Boeing 787 Battery Design Flaw

The National Transportation Safety Board US (NTSB) attributed today the fire of the battery of a Boeing 787 in 2013 to a design fault of the device, so blamed Boeing error and the authorities have not detected.

According to a report by the NTSB released today, a short in one of the eight cells that make up the batteries of 787 was the overheated battery, spread to other cells and set fire to the apparatus the January 7, 2013.

The affected aircraft, Japan Japan Airlines, was at that time without passengers detained at the airport in Boston (Massachusetts), so no regret any hurt, but this incident with similar occurred during those dates led to the aviation authorities worldwide to suspend flights of Boeing 787 for three months.

The report by the NTSB determined that Boeing failed to anticipate during design and testing period of the battery to the possibility that an incident of this type occurs, and blamed the Federal Aviation Administration (FAA) had not detected this weakness.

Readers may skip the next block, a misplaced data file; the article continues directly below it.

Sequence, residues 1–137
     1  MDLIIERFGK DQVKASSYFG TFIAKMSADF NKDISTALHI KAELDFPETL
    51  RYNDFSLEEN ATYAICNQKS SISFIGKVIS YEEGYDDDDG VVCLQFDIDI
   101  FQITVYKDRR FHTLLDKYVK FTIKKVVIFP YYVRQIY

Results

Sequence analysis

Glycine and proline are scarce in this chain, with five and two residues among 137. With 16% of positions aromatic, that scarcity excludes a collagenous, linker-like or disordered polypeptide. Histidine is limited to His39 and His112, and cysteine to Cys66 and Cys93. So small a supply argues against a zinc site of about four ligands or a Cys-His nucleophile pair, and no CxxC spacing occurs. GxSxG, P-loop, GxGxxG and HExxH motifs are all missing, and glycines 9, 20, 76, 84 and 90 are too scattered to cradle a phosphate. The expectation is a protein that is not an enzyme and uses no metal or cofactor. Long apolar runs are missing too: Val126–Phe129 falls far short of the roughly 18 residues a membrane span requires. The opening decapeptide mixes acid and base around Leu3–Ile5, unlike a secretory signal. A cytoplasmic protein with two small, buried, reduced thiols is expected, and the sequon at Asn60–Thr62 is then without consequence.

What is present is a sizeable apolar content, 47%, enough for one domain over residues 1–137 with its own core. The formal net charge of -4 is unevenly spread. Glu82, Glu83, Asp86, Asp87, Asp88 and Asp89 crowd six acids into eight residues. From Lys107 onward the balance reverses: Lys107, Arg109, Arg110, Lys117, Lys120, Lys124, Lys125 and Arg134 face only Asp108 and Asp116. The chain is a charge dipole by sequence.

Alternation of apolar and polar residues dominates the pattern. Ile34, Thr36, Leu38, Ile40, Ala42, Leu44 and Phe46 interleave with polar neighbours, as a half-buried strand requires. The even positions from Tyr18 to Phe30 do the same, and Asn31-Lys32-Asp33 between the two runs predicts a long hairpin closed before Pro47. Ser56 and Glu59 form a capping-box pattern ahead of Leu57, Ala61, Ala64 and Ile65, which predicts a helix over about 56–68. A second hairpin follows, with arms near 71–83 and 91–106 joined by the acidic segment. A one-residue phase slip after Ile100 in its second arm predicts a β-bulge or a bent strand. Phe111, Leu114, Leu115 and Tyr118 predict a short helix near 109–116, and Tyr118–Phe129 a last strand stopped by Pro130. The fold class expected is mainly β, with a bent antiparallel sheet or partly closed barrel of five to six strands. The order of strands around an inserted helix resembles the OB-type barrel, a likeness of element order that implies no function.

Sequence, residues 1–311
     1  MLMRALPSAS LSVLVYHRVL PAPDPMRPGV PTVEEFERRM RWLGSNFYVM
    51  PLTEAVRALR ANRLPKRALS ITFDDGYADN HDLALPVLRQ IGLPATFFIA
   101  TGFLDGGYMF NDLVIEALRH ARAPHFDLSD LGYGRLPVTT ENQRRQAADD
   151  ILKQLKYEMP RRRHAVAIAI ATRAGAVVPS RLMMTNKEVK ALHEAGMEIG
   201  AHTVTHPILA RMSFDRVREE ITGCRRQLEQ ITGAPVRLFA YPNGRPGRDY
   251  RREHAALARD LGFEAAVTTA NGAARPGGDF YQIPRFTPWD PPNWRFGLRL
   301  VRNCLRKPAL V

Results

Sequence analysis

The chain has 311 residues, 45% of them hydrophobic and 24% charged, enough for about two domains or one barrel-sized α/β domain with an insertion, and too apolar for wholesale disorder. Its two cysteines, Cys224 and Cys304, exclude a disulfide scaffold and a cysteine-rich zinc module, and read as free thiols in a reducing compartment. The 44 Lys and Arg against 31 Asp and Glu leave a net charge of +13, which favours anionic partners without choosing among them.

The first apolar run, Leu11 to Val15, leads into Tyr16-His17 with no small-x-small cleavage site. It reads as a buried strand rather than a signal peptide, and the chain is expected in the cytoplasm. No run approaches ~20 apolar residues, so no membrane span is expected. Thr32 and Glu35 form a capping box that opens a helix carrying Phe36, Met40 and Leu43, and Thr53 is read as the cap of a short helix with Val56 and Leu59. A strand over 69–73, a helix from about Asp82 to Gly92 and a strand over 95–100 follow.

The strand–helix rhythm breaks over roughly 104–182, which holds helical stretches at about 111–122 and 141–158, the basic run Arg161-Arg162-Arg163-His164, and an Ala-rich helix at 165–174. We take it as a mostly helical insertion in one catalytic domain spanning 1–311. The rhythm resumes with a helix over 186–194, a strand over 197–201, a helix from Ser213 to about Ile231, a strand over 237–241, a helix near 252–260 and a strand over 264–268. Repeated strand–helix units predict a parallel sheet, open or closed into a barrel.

Both Boeing and the FAA had certified that overheating of the battery cells could not be extended to the other, something did happen in that case.

The NTSB report also provided sixteen new recommendations for both aircraft manufacturers such as the FAA strengthen their controls and increase the requirements in certifying the safety of lithium-ion airplanes.

Nine days after the fire battery Boeing 787 at the airport in Boston, another aircraft of the same model of the Japanese airline All Nippon Airways had to make an emergency landing in Japan to detect that the lithium ions smoked.

Both incidents led to the FAA and other aviation authorities in the world to withdraw from circulation for three months the Boeing 787, while the US manufacturer redesigning the batteries, which incorporated insulating layers between cells, a steel box for contain any short circuit and improved ventilation.